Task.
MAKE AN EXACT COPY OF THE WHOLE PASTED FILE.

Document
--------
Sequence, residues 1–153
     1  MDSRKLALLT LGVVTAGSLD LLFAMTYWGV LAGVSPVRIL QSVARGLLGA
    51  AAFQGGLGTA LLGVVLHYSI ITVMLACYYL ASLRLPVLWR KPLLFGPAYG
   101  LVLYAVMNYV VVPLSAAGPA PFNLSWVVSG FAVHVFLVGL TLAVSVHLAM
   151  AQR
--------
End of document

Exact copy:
Sequence, residues 1–153
     1  MDSRKLALLT LGVVTAGSLD LLFAMTYWGV LAGVSPVRIL QSVARGLLGA
    51  AAFQGGLGTA LLGVVLHYSI ITVMLACYYL ASLRLPVLWR KPLLFGPAYG
   101  LVLYAVMNYV VVPLSAAGPA PFNLSWVVSG FAVHVFLVGL TLAVSVHLAM
   151  AQR